The company, too, has gone national. It can tell you what is going on in any commercial market in the country, and now has offices in Atlanta, Los Angeles and Chicago and …. an office in Belgrade, Serbia, though that office is strictly for researchers who crunch numbers to tell the story of commercial real estate back in the U.S.

Mandel sat down in one of the conference rooms in 675 A of A to answer CO’s questions. 

His answers have been edited for length and clarity. 

Commercial Observer: Looks like most of your desks are full. Mondays and Fridays are supposedly the days where people tend to be scarce. How is that working out for CompStak?

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Mandel and his dog Squeakers at the CompStak offices. Photo: Evelyn Freja/for Commercial Observer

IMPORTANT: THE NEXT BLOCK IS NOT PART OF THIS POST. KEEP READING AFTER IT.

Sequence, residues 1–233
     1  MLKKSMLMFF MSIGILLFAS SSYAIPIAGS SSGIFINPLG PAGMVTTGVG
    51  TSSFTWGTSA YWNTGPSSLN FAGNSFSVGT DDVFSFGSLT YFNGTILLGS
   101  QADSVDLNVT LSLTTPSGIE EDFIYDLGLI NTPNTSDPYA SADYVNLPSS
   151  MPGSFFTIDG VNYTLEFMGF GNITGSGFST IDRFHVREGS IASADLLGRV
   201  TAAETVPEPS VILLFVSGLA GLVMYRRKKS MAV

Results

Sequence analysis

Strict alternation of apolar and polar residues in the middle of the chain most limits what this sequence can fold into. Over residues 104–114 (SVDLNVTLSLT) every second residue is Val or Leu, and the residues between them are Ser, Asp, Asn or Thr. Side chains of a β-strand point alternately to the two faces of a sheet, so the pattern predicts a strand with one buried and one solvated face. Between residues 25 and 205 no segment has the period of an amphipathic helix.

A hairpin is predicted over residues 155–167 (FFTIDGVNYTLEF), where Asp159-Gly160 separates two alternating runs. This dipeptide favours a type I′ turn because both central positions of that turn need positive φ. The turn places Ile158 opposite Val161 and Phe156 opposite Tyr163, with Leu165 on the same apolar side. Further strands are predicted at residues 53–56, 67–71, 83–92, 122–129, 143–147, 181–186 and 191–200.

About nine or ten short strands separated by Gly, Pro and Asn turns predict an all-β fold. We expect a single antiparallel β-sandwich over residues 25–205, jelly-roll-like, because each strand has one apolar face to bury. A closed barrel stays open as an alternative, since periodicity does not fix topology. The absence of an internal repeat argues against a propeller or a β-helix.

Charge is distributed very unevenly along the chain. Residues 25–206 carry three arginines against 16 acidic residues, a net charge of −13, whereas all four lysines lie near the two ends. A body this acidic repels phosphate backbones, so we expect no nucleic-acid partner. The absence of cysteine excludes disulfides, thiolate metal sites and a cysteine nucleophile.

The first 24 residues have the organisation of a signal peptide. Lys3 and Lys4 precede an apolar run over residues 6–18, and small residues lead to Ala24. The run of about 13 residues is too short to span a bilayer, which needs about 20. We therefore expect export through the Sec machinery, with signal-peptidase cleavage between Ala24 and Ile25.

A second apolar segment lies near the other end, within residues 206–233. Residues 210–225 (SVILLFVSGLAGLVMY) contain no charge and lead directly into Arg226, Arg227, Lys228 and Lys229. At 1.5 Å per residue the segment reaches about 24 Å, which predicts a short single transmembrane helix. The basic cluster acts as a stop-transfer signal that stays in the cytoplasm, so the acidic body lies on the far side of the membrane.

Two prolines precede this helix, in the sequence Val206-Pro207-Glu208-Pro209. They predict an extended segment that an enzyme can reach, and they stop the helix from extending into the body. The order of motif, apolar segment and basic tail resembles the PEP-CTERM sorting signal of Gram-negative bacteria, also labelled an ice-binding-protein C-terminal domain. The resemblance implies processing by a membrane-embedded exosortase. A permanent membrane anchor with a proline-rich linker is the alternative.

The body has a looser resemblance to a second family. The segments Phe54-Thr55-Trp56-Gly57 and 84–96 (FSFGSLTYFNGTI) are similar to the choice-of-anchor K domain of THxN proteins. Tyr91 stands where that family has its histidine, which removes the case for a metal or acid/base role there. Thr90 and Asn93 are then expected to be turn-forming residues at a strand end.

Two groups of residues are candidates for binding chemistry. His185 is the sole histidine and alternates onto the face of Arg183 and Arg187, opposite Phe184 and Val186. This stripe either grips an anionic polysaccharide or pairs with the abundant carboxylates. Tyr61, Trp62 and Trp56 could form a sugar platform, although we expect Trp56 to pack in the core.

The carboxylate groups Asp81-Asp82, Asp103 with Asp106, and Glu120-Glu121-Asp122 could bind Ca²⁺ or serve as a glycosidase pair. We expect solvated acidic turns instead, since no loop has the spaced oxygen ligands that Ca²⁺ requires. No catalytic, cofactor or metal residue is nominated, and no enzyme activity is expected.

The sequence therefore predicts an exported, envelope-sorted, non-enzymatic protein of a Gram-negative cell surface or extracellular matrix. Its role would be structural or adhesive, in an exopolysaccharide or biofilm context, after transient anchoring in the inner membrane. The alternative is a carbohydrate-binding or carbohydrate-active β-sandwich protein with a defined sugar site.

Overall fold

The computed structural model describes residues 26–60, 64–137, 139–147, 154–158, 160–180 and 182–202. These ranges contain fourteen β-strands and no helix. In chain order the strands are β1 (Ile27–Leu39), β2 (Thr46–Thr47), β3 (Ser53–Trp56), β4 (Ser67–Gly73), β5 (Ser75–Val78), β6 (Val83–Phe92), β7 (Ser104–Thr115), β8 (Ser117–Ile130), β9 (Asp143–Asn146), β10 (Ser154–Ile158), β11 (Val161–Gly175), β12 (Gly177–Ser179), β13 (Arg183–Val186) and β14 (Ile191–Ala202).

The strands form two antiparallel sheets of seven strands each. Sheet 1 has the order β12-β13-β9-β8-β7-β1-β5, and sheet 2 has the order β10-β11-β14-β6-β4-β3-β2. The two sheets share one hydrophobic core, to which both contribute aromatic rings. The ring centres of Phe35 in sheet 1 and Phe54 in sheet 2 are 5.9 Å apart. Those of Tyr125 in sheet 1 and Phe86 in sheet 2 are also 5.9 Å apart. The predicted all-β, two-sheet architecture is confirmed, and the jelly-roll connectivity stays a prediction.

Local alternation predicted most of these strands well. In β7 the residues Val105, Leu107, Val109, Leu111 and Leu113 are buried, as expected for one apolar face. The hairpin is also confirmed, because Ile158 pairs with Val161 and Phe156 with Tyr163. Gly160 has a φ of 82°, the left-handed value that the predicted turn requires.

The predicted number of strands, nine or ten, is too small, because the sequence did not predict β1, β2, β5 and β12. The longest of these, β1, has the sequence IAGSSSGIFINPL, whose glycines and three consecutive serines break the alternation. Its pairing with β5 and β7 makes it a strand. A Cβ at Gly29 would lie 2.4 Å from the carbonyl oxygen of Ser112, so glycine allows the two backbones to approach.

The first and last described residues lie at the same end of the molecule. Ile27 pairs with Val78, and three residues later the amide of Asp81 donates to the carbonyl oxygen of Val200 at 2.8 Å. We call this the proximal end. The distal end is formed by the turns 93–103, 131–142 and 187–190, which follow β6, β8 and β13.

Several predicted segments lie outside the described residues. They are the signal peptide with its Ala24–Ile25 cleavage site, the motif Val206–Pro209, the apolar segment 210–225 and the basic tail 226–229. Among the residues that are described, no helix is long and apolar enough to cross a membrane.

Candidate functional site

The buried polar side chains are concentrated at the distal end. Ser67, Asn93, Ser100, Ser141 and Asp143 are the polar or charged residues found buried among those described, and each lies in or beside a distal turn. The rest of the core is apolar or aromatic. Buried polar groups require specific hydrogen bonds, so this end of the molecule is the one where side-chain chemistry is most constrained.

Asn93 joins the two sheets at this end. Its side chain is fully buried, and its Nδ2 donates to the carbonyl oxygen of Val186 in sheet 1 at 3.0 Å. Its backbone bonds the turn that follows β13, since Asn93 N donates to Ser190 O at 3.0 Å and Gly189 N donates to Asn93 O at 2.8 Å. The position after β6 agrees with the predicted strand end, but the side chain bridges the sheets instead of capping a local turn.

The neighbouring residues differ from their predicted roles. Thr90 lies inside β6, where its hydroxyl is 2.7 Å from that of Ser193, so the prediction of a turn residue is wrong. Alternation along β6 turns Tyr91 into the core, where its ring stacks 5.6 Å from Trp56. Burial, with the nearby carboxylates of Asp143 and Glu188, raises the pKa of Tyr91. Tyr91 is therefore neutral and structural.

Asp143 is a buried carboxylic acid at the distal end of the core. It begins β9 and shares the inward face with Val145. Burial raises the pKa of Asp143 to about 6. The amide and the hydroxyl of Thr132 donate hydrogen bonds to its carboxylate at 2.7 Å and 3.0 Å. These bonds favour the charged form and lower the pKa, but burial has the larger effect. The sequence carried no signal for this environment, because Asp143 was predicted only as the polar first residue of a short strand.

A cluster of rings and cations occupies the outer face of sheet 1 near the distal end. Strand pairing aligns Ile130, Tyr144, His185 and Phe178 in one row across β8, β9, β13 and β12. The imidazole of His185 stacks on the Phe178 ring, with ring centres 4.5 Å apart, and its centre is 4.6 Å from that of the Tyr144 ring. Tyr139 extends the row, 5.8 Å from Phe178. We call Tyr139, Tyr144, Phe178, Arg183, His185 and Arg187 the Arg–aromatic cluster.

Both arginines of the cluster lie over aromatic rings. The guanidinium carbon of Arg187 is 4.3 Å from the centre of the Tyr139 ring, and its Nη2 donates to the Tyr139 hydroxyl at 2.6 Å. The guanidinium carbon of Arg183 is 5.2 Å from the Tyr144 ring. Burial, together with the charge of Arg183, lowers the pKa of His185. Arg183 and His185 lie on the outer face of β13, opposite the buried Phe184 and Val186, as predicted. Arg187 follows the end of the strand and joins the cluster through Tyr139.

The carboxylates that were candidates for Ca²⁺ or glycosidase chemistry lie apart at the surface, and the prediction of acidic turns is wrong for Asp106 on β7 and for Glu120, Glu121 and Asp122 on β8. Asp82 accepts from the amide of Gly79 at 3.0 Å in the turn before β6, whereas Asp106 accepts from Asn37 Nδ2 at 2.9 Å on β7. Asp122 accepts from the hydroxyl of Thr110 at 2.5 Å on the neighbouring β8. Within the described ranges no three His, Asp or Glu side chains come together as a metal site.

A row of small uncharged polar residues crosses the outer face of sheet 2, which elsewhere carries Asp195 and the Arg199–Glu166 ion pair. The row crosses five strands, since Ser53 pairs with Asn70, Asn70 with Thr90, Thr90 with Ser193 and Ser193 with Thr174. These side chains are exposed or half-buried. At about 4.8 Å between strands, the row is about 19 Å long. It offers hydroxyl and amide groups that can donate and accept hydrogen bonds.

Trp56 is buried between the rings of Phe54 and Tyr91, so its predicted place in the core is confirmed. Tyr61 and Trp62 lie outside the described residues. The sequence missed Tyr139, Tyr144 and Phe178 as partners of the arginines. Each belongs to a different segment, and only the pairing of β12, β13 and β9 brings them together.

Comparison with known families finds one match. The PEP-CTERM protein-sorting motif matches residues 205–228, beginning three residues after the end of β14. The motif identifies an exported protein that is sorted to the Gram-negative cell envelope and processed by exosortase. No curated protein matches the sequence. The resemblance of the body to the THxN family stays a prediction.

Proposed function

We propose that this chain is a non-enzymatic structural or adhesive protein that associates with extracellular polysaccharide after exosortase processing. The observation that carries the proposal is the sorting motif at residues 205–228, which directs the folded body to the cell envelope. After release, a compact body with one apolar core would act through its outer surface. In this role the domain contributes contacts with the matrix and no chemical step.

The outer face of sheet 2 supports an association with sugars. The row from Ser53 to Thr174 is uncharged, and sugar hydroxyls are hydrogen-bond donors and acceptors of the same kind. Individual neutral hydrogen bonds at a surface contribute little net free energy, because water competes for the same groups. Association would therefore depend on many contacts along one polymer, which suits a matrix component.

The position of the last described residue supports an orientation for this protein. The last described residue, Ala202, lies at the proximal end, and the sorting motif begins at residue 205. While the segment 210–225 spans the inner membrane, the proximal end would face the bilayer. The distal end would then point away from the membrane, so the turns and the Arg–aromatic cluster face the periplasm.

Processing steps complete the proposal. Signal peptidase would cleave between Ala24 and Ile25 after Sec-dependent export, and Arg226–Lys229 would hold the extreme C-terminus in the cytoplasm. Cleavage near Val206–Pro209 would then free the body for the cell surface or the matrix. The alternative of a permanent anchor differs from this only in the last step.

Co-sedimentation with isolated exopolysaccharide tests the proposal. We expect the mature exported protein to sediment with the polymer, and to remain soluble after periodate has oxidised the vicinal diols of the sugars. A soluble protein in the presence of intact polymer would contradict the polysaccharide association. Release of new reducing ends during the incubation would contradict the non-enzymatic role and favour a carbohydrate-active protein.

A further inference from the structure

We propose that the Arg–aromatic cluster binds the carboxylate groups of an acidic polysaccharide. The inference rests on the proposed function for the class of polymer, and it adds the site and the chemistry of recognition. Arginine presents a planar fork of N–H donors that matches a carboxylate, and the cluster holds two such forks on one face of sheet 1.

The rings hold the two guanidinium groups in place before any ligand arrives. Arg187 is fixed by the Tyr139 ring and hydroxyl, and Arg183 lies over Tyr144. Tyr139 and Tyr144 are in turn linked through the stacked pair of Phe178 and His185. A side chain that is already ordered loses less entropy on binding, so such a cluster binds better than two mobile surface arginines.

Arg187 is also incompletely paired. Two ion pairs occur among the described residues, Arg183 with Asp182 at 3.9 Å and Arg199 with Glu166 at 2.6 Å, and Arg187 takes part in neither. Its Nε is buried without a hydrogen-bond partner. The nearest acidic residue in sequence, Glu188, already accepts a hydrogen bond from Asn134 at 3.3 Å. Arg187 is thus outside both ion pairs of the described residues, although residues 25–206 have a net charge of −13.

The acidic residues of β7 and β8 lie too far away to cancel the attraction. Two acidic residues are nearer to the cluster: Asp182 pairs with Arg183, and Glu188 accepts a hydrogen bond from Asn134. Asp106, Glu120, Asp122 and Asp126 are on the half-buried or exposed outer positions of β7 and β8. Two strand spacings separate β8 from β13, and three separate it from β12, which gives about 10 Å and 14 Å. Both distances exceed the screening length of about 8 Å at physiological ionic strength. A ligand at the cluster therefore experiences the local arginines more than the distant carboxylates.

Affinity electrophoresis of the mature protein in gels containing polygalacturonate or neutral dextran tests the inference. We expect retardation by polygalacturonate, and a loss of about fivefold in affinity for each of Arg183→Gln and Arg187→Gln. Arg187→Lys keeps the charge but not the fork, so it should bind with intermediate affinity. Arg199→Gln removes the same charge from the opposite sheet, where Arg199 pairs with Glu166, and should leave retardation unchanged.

Michael Mandel: Actually for us Mondays are relatively busy. Each team determines what their required three days in the week are. Our sales and client success teams require everybody to be in on Monday. They want to hit the ground strongly. Fridays are very quiet here, for sure.  

I’m a huge fan of being in the office. I think that’s really important from a cultural standpoint. We have more than doubled the size of the company in the last year; we hired about 100 people in 2022. I can’t even imagine the challenge of onboarding all those people remotely.

I think that being next to your colleagues allows you to tap somebody on the shoulder and ask a question, rather than struggling to try to figure it out for yourself for hours on end. I think that we were really, effectively, in an environment where other people weren’t back to the office, and that created a competitive advantage for ourselves. Hence we moved into a bigger office because we were packed in our last place.